Top 15 Benefits of Beating the GMAT

by Mark Wong on October 28, 2010 · 4 comments


If you’re done with the GMAT, you can probably relate to the points below.  If you’re still working on it, I can tell you that being on the other side is amazing.  If you work hard, fight through the emotional ups and downs, and go into the testing center with confidence, soon you’ll be able to use the GMAT as a punchline to your jokes.

15.  Never again having to clean my Test Simulation Booklet for my Practice CATs

14.  Working on my essays without any guilt

13.  Spending a weekend doing nothing but watching football

12.  Thinking about which business school rather than whether I can get in

11.  Thinking about the various ways to get rid of my GMAT books

10.  Seeing a random tip about how to do better on the GMAT and deciding to completely ignore it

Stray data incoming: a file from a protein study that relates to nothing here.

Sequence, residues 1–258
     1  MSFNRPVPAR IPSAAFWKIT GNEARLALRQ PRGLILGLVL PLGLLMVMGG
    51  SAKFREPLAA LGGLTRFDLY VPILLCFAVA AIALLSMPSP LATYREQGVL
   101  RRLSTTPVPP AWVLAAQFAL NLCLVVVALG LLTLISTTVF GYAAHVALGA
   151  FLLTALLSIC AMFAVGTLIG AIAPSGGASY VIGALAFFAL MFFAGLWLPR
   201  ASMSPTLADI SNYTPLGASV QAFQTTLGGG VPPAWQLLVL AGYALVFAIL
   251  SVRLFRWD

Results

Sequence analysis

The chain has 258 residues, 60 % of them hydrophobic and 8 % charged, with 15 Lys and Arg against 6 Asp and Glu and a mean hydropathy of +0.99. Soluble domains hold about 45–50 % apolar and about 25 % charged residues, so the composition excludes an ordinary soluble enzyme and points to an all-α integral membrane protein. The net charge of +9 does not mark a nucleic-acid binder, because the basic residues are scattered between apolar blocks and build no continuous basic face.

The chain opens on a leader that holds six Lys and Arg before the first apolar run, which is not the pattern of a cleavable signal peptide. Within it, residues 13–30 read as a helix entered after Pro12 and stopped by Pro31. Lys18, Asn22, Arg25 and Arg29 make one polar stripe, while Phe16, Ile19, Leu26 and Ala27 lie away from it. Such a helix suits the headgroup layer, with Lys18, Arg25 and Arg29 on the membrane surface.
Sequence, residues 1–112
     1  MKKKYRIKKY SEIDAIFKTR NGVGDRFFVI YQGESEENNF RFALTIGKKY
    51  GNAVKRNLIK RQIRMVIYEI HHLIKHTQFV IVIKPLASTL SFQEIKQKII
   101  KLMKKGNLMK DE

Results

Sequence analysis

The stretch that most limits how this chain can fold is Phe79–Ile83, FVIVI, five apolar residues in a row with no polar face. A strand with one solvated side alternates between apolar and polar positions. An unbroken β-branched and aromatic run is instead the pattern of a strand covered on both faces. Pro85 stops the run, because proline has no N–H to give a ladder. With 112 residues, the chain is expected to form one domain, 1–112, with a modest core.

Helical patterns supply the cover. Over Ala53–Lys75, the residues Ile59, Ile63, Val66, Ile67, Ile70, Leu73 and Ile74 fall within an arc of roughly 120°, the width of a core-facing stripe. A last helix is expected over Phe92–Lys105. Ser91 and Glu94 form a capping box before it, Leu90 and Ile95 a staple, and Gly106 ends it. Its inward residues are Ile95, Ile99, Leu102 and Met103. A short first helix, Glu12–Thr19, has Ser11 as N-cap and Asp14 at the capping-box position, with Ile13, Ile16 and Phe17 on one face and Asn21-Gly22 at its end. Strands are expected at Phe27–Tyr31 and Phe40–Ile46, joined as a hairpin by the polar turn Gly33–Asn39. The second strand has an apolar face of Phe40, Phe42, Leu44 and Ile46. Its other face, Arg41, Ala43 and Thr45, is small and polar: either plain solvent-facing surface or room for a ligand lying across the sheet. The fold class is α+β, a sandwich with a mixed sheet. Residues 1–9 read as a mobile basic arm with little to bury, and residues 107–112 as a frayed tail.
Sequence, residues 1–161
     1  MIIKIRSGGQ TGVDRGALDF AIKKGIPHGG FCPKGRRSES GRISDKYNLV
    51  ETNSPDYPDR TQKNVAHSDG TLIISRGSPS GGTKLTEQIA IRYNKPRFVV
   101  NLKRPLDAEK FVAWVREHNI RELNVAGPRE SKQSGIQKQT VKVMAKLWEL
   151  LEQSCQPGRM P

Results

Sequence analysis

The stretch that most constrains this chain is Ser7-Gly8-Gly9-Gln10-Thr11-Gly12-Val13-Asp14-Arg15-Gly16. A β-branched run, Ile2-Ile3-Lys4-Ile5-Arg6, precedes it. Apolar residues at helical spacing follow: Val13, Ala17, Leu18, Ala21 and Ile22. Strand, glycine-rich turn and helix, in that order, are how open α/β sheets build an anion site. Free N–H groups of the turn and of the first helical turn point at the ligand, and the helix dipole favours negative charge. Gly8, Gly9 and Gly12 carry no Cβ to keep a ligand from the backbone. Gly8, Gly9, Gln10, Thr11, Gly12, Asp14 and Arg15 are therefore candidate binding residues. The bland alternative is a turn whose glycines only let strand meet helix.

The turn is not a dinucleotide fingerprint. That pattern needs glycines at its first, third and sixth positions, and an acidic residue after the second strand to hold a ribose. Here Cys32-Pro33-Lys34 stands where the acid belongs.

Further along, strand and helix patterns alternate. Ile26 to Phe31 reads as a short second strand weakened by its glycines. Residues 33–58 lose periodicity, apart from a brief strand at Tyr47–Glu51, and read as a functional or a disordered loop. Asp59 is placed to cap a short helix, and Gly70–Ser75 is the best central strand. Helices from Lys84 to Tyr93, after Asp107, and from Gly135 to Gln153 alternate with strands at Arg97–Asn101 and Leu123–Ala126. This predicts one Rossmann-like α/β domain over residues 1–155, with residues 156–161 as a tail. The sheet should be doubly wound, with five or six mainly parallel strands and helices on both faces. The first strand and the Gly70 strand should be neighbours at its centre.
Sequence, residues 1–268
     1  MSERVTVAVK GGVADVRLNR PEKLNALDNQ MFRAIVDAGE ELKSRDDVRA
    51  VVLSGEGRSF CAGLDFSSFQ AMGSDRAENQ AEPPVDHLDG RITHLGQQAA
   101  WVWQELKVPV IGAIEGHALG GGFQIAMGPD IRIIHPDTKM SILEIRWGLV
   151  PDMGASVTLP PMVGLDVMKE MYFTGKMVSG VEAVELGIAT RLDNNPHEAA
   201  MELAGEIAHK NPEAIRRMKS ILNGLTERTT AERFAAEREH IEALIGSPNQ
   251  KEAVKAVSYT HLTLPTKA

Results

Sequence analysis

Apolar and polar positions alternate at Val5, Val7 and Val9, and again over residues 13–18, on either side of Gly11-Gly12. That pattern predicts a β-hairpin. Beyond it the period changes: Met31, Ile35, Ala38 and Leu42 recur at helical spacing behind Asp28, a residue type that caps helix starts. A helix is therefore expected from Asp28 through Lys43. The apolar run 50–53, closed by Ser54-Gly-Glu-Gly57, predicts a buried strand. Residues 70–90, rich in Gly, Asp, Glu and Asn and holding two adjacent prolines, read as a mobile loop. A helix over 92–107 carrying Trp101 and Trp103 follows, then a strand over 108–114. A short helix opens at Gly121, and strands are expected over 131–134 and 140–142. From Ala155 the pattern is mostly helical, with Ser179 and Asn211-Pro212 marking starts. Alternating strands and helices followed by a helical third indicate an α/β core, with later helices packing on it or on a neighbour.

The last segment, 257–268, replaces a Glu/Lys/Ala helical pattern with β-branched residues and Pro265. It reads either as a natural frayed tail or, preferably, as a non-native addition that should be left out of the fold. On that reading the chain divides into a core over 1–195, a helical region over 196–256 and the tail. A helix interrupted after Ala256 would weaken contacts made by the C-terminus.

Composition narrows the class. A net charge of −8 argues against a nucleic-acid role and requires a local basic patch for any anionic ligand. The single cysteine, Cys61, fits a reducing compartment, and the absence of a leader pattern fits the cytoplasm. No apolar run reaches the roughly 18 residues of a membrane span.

9.  Not having to make excuses to my colleagues about why I have bags under my eyes

8.  Thanking those that helped me

7.  Writing my debrief

6.  Using the words “being” and “should” in my sentences and not feeling the need to correct myself

5.  Going home after a long day of work and NOT studying for the GMAT

4.  Promising myself that I will never again read a short passage about stalagmites or fullerenes

3.  Knowing that I’ll be putting my GMAT score on my resume the next time I apply for a job

2.  Knowing that my $1000 GMAT course was worthwhile (phew!)

1.  Knowing that my future is brighter and my dreams are closer

{ 4 comments… read them below or add one }

mbaroadieNo Gravatar October 28, 2010 at 9:09 pm

Loved reading this post!! Amazing!!!

CuriousNo Gravatar October 29, 2010 at 4:49 am

Hahaha… The 6th one is a laugh riot!

MBA graduate, but not a GMAT fanNo Gravatar August 29, 2011 at 7:41 am


I’m not sure about point 9, as the bags-under-the-eyes problem might get bigger when there are assignments, cases studies and project deadlines to meet in bschool.

But I’m with you on the other points 🙂

Sameer | MBA Crystal Ball

Arun JagannathanNo Gravatar February 10, 2017 at 6:57 pm

7 years old yet the post is relevant even today. Great post Mark!

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